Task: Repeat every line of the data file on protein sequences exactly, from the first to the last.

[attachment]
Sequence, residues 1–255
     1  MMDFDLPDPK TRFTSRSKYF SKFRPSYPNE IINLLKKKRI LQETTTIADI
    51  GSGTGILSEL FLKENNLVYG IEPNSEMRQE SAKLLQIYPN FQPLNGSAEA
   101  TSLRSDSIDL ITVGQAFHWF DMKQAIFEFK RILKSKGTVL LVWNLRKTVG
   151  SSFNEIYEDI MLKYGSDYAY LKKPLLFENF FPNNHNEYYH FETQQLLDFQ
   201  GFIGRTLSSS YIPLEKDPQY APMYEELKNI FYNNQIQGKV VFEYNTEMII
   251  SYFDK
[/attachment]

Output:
Sequence, residues 1–255
     1  MMDFDLPDPK TRFTSRSKYF SKFRPSYPNE IINLLKKKRI LQETTTIADI
    51  GSGTGILSEL FLKENNLVYG IEPNSEMRQE SAKLLQIYPN FQPLNGSAEA
   101  TSLRSDSIDL ITVGQAFHWF DMKQAIFEFK RILKSKGTVL LVWNLRKTVG
   151  SSFNEIYEDI MLKYGSDYAY LKKPLLFENF FPNNHNEYYH FETQQLLDFQ
   201  GFIGRTLSSS YIPLEKDPQY APMYEELKNI FYNNQIQGKV VFEYNTEMII
   251  SYFDK